Many times the companies will pay employees and contractors with stock, just like a paycheck, with bi-monthly or monthly “certificates.” But paying stock in increments over time is problematic because the value of that stock increases as the value of the company increases. And the work of the employee and the founders is designed to grow and increase the value of the company.

As a result, the taxes that have to be paid become greater and greater and the employee is working against his own interests.

Issuing Stock without Protection for the Company.

Blindly issuing stock to John at the outset can cause additional problems besides taxes.

Selling stock for services is very different than selling stock for cash.

Once stock is issued to a stockholder, the company can’t take it back without a contractual right to do so. The stock becomes the property of the stockholder. So it is imperative to be sure the company receives the consideration or can get the stock back.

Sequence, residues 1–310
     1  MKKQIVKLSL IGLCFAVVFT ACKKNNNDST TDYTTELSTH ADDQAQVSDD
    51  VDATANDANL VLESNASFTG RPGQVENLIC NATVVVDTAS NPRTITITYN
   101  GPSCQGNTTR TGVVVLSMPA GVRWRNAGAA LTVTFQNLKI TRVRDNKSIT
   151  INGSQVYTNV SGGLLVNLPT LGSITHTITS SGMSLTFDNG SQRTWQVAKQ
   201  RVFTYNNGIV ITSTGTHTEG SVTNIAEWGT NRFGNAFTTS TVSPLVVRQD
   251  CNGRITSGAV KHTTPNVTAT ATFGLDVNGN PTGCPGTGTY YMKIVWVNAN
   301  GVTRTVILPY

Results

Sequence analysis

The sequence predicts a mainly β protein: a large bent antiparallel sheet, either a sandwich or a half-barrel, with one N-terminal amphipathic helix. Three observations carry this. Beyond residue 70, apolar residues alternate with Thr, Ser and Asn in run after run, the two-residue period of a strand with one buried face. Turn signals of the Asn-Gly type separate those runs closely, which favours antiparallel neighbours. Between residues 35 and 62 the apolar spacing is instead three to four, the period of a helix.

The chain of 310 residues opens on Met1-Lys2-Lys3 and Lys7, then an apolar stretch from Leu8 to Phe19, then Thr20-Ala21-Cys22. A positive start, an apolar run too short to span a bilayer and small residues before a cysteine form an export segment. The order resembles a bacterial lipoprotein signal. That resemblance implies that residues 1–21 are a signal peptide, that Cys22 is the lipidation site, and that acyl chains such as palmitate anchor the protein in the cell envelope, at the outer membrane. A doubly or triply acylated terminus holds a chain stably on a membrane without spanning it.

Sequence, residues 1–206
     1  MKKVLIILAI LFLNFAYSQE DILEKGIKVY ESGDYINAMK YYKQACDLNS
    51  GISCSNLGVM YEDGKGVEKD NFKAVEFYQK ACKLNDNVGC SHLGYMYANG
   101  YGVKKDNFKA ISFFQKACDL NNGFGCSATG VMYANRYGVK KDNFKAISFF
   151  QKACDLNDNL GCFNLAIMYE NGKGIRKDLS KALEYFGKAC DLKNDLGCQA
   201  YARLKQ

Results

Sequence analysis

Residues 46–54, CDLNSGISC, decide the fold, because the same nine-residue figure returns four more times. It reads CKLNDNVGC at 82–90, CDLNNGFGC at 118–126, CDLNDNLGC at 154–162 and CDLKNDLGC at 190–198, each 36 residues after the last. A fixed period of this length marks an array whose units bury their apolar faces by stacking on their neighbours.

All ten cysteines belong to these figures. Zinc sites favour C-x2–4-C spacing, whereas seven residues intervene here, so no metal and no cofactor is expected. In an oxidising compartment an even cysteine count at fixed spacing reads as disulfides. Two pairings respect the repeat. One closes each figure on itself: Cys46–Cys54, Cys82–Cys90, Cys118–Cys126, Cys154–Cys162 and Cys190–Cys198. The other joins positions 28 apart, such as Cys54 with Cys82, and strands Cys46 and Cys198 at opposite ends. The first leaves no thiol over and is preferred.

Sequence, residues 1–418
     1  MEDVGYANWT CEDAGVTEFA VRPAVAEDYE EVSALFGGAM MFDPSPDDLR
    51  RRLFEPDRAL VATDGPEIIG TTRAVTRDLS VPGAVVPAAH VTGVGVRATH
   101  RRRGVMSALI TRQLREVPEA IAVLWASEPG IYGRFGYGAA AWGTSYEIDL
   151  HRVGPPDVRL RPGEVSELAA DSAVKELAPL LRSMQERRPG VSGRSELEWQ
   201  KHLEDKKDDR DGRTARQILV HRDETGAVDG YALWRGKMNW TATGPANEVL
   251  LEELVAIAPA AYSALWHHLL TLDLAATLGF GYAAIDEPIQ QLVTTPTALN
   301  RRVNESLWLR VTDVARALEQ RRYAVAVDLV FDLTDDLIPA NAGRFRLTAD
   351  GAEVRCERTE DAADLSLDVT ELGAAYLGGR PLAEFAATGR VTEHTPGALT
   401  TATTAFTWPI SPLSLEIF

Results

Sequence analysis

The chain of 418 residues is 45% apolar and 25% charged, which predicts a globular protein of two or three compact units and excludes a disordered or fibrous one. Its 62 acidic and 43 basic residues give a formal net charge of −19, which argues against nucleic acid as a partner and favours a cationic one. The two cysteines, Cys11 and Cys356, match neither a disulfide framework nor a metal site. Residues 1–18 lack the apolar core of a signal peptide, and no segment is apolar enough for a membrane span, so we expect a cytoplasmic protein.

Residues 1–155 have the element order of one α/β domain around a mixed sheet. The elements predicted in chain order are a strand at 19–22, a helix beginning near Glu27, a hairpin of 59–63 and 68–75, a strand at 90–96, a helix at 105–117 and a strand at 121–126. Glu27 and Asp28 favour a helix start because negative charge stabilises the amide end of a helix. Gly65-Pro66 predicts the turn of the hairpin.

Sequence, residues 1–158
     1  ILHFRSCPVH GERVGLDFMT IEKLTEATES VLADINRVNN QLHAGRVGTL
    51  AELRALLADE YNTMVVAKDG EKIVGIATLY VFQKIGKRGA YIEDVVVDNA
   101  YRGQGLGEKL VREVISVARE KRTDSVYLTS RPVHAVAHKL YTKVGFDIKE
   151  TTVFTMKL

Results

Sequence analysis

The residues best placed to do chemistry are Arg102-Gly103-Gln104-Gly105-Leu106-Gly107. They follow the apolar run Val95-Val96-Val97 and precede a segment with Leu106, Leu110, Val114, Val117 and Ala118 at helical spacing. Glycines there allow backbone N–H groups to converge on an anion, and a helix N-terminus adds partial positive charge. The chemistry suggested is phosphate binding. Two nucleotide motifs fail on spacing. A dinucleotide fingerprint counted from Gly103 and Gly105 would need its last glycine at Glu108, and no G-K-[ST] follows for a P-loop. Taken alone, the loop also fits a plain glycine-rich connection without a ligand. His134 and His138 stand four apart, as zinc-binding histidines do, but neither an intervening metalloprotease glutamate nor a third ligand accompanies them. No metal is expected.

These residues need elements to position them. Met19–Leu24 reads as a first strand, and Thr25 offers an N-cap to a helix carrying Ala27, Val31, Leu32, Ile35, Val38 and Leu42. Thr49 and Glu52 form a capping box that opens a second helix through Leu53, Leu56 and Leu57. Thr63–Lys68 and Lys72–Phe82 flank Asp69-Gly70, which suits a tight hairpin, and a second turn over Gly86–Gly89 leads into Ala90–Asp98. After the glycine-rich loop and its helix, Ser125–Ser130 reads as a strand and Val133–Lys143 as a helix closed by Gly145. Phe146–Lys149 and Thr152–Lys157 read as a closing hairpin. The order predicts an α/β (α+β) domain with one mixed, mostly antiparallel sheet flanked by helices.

When a company sells stock for cash, it knows it received the compensation when the money is in the bank account.

What If the Services Aren’t Performed Timely, Sufficiently or At All?

On the other hand services are provided over a period of time. Plus, services can vary in quality and usefulness.

If John fails to complete the services or does a horrible job, ESV needs the ability to get its stock back.

Protecting the company can be accomplished by:

  1. Issuing stock to the employee at the outset.
  2. Setting objective criteria that the employee must meet (deliverables and timing) over the time the services are to be rendered.
  3. Having a written agreement with the employee that calls for stock to be forfeited if the objective criteria are not timely achieved.

Plus, paying with stock in this fashion allows John to decide if he wants to pay the taxes now, when the price is low, or later, after he can no longer lose the shares. The tax code gives John the right to make an election about when to pay the taxes.

Giving Too Much or Too Little Stock.

Using a forfeiture agreement protects the company from not receiving value for the stock, but how should the company determine that value? How much is each share of stock worth?

Stock Compensation Makes Employees Quasi Investors.